It’s time for digital (th)inking

In today’s post I want to take a look at the Surface Go, and the reason is two-fold, firstly I have had my Surface Go for about a year now and still love it, but secondly I hear some feedback from people saying the Surface Go just isn’t powerful enough and the fact you need tyrannosaurus rex hands to use the keyboard.   What I wanted to highlight in this blog post is that with the power of the Microsoft Cloud, you can think differently about how you use devices in your day to day world.   To do this today we are looking at making the Surface Pen more configurable and of course dictation in Microsoft Office!

Its time for digital (th)inking !

Everyone knows about the 2-in-1 design of the Surface Pro and the Surface Go – right?    It’s a design that has led other manufacturers to change the way they think about there products, especially Lenovo, Dell, and of course Apple.   The late Steve Jobs intention for the IPad was it was always going to be a tablet only device.  However today, we see the Apple IPad as a device with a keyboard, Apple Pencil, a new IOS about to be launched to give the device more powers like the PC.    Now whichever way you decide to look at this it is good news for the customer, as it inspires a generation of users who work with devices they way the want to work!

So I have covered the art of digital inking in other blog posts before, but today I just wanted to highlight a couple of things on the Surface device.    The first point is that anyone using a Surface Pen should make sure the pen is paired to the device.  Now the pen does not have to be paired to work, it’s just you can get more out of the pen when it is!

To pair your pen it is simply done by writing on the screen for up to 10 seconds. Windows will automatically detect this and offer to pair your pen for you, it’s as simple as that!.   Once this has been done move your way to the settings section (Windows Key + I), go to Device, then goto Pen and Windows Ink.

Here you will be able to set up the button actions for your Surface Pen, for example a single click could launch OneNote so you can make notes really quickly.  Also on this screen you will find setting for if you’re left-handed for example.  Make sure you configure for how you work,  so you can launch any application, popular applications like OneNote, and the new Microsoft Whiteboard.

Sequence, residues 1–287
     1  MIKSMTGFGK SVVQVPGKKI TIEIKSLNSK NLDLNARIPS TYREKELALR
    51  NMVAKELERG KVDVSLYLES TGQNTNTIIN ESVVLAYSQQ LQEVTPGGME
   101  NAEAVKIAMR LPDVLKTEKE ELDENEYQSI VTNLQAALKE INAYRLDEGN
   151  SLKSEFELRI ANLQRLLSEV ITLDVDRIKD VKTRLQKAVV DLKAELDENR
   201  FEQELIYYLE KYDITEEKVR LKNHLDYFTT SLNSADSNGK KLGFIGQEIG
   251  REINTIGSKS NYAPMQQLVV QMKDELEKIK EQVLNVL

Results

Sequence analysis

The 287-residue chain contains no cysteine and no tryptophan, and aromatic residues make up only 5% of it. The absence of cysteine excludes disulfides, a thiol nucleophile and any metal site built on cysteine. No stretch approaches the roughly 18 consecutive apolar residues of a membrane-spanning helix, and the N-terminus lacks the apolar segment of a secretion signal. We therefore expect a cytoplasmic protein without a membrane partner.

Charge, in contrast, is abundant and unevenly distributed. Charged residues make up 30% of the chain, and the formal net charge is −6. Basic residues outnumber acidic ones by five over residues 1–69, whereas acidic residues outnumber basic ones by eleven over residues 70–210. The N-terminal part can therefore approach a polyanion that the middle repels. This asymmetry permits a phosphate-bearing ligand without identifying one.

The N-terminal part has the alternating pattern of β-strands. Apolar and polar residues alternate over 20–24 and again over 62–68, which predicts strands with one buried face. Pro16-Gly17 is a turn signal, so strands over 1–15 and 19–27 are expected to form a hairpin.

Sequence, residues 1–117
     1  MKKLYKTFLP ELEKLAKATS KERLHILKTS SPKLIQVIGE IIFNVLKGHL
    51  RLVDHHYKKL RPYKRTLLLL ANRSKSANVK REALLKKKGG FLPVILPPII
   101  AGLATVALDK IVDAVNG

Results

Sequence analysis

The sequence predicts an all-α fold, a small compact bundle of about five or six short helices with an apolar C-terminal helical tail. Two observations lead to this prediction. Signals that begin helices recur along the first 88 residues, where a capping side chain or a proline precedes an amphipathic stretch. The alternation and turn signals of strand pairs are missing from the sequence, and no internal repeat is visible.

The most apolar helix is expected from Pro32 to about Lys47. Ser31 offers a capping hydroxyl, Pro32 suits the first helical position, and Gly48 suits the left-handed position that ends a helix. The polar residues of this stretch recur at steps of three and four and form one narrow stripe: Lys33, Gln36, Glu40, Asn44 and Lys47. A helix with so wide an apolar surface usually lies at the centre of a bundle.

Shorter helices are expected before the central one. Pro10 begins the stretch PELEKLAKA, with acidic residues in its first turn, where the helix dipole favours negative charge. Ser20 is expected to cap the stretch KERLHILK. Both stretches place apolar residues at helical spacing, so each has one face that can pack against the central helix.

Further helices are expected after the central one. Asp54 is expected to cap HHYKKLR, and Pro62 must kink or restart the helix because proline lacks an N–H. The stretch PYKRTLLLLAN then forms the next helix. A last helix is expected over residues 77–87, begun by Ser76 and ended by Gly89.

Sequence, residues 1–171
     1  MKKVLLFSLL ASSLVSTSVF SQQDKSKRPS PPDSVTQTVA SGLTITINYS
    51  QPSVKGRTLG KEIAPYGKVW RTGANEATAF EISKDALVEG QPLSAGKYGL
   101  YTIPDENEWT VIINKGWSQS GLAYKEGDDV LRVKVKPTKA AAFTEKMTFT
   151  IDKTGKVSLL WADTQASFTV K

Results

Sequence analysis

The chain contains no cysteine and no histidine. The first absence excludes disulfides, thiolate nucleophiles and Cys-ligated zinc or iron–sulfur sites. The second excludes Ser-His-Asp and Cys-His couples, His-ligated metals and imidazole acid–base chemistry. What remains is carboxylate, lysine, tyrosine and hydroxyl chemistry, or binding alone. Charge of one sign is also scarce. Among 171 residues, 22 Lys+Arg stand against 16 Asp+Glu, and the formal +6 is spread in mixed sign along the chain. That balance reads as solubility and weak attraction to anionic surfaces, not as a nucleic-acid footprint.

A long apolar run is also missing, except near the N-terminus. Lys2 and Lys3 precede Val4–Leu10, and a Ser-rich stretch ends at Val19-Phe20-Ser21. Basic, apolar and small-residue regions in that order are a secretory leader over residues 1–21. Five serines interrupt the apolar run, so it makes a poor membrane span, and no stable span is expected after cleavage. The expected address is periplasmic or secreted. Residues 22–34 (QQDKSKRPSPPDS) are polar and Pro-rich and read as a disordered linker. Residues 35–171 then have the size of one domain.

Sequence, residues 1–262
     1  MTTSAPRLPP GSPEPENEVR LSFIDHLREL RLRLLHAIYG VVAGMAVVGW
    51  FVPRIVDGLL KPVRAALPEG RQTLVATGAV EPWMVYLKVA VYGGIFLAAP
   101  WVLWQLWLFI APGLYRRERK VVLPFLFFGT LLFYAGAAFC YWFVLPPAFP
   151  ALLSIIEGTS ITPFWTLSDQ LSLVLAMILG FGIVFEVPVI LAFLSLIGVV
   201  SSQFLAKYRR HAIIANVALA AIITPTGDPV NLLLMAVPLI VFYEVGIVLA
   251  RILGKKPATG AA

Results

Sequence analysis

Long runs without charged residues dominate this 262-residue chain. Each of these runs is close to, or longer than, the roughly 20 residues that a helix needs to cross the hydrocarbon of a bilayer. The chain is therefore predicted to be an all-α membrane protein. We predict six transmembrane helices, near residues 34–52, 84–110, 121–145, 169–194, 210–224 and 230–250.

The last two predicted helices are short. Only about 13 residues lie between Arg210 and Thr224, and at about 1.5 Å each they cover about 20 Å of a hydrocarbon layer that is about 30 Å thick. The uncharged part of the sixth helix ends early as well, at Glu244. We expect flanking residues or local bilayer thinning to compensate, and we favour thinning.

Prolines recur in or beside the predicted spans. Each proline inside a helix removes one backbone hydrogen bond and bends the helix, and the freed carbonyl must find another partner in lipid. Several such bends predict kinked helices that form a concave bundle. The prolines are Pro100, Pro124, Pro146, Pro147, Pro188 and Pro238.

The important option which is ticked is the Allow apps to override the shortcut button behavior.   This is key and needs to remain ticked as more application begin to make use of the pen. One such example is PowerPoint, which uses the pen button to move through a PowerPoint Presentation (which is quite cool !)

So as we have talked before on this blog Microsoft Office (desktop) version is a pen aware application meaning you can use your pen naturally for editing Microsoft Word, PowerPoint and Excel documents.  We also have a great range of apps which bring learning to life including Fluidmath, which is available from the Windows Store.   Here is a quick demo from Steve Beswick, Education Business Development Director of Surface which we filmed at the Bett Show this year.


So as you can see the pen should really be thought of as part of the device itself, to allow for innovation in the way you work and the way we can use technology in the classroom.

Lets think digital with Surface Go

As I mentioned in the opening paragraph of this blog, some people have said that the Surface Go is not powerful enough and you will never want to type an essay on the device, due to the small size of the keyboard.   Well if you think digitally with Surface Go you don’t have to.     It is true that the keyboard isn’t full size and it was never going to be for the device size, however, let’s look at another option we can use alongside the pen.

Dictate, Dictate, Dictate

Using the device with the power of the Microsoft Cloud, you can dictate to the Surface Go in Microsoft Office, which means if you have a big document to type you can do it more efficiently ! and after all you don’t need to use the keyboard, which in turn is a device which is designed to slow you down and make you less efficient.

Simply launch Microsoft Word (Windows key + C,  you could always ask Cortana to do it 🙂  and once Word has loaded go to the Home ribbon and look at the far right-hand side, the last option will dictate!  Simply click on it and once you hear the recording beep start talking.    Remember commands like ‘new line’, ‘full stop’ ‘comma’ they all work.

Dictation is available in the following apps

Microsoft Word

Microsoft PowerPoint

Microsoft OneNote

Microsoft Outlook

Office Mobile   Apps   (More about them in the next post)

So why is the keyboard so inefficient?   Well as I mentioned using dictation in Office will stop you using the keyboard, for those long documents.  The QWERTY keyboard was designed to stop the typewriter arms jamming up with people typing to quickly.   If you ever look at when your typing you will notice this!  Early keyboards were a lot more efficient but the downside was the fact those typewriter arms would jam.  However, we have taken the keyboard as the default method of entry no matter how new our tech is and how much processing power we have.

How does Office dictation work?, well simply it’s using the Microsoft Cognitive Services that power Cortana. So, in turn, your Surface Go device is connecting to the Microsoft Cloud and transcribing what you say.

So the next time someone says “Surface Go ! I can’t type my essay on that”  point them to the dictation option!

Isn’t it time to “Get them digital (th)inking!”





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